PID Namespace

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Basic Information

The PID (Process IDentifier) namespace is a feature in the Linux kernel that provides process isolation by enabling a group of processes to have their own set of unique PIDs, separate from the PIDs in other namespaces. This is particularly useful in containerization, where process isolation is essential for security and resource management.

When a new PID namespace is created, the first process in that namespace is assigned PID 1. This process becomes the "init" process of the new namespace and is responsible for managing other processes within the namespace. Each subsequent process created within the namespace will have a unique PID within that namespace, and these PIDs will be independent of PIDs in other namespaces.

From the perspective of a process within a PID namespace, it can only see other processes in the same namespace. It is not aware of processes in other namespaces, and it cannot interact with them using traditional process management tools (e.g., kill, wait, etc.). This provides a level of isolation that helps prevent processes from interfering with one another.

How it works:

  1. When a new process is created (e.g., by using the clone() system call), the process can be assigned to a new or existing PID namespace. If a new namespace is created, the process becomes the "init" process of that namespace.

  2. The kernel maintains a mapping between the PIDs in the new namespace and the corresponding PIDs in the parent namespace (i.e., the namespace from which the new namespace was created). This mapping allows the kernel to translate PIDs when necessary, such as when sending signals between processes in different namespaces.

  3. Processes within a PID namespace can only see and interact with other processes in the same namespace. They are not aware of processes in other namespaces, and their PIDs are unique within their namespace.

  4. When a PID namespace is destroyed (e.g., when the "init" process of the namespace exits), all processes within that namespace are terminated. This ensures that all resources associated with the namespace are properly cleaned up.


Create different Namespaces


sudo unshare -pf --mount-proc /bin/bash
Error: bash: fork: Cannot allocate memory

When unshare is executed without the -f option, an error is encountered due to the way Linux handles new PID (Process ID) namespaces. The key details and the solution are outlined below:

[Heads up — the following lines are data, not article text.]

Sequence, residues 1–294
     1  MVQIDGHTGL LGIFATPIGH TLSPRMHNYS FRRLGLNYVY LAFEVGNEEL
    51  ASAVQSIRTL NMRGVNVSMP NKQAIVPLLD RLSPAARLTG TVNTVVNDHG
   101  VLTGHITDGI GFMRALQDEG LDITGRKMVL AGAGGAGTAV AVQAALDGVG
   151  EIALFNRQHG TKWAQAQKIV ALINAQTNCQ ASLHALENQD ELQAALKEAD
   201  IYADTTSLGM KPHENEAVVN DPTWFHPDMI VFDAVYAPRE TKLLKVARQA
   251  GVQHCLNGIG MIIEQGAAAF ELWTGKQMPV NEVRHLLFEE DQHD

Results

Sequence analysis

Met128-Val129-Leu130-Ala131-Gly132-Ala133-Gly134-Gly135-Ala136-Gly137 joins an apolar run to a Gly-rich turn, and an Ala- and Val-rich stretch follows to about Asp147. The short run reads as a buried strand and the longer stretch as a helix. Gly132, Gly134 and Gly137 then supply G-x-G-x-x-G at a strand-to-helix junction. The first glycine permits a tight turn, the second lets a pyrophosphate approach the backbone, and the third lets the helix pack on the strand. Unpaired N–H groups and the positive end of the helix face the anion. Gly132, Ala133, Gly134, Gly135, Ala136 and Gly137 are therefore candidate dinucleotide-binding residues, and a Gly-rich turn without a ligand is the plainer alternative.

1. Problem Explanation:

    • The Linux kernel allows a process to create new namespaces using the unshare system call. However, the process that initiates the creation of a new PID namespace (referred to as the "unshare" process) does not enter the new namespace; only its child processes do.

    • Running %unshare -p /bin/bash% starts /bin/bash in the same process as unshare. Consequently, /bin/bash and its child processes are in the original PID namespace.

    • The first child process of /bin/bash in the new namespace becomes PID 1. When this process exits, it triggers the cleanup of the namespace if there are no other processes, as PID 1 has the special role of adopting orphan processes. The Linux kernel will then disable PID allocation in that namespace.

  2. Consequence:

    • The exit of PID 1 in a new namespace leads to the cleaning of the PIDNS_HASH_ADDING flag. This results in the alloc_pid function failing to allocate a new PID when creating a new process, producing the "Cannot allocate memory" error.

  3. Solution:

    • The issue can be resolved by using the -f option with unshare. This option makes unshare fork a new process after creating the new PID namespace.

    • Executing %unshare -fp /bin/bash% ensures that the unshare command itself becomes PID 1 in the new namespace. /bin/bash and its child processes are then safely contained within this new namespace, preventing the premature exit of PID 1 and allowing normal PID allocation.

By ensuring that unshare runs with the -f flag, the new PID namespace is correctly maintained, allowing /bin/bash and its sub-processes to operate without encountering the memory allocation error.

By mounting a new instance of the /proc filesystem if you use the param --mount-proc, you ensure that the new mount namespace has an accurate and isolated view of the process information specific to that namespace.


docker run -ti --name ubuntu1 -v /usr:/ubuntu1 ubuntu bash

Check which namespace are your process in

ls -l /proc/self/ns/pid
lrwxrwxrwx 1 root root 0 Apr  3 18:45 /proc/self/ns/pid -> 'pid:[4026532412]'

Find all PID namespaces

sudo find /proc -maxdepth 3 -type l -name pid -exec readlink {} \; 2>/dev/null | sort -u

Note that the root use from the initial (default) PID namespace can see all the processes, even the ones in new PID names paces, thats why we can see all the PID namespaces.

Enter inside a PID namespace

nsenter -t TARGET_PID --pid /bin/bash

When you enter inside a PID namespace from the default namespace, you will still be able to see all the processes. And the process from that PID ns will be able to see the new bash on the PID ns.

Also, you can only enter in another process PID namespace if you are root. And you cannot enter in other namespace without a descriptor pointing to it (like /proc/self/ns/pid)


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